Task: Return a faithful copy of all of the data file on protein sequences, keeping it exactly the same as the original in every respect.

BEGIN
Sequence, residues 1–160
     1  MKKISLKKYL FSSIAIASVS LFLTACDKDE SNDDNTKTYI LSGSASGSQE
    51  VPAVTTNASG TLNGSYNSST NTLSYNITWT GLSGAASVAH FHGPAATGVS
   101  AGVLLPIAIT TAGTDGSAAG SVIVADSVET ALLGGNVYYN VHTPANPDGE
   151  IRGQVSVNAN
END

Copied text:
Sequence, residues 1–160
     1  MKKISLKKYL FSSIAIASVS LFLTACDKDE SNDDNTKTYI LSGSASGSQE
    51  VPAVTTNASG TLNGSYNSST NTLSYNITWT GLSGAASVAH FHGPAATGVS
   101  AGVLLPIAIT TAGTDGSAAG SVIVADSVET ALLGGNVYYN VHTPANPDGE
   151  IRGQVSVNAN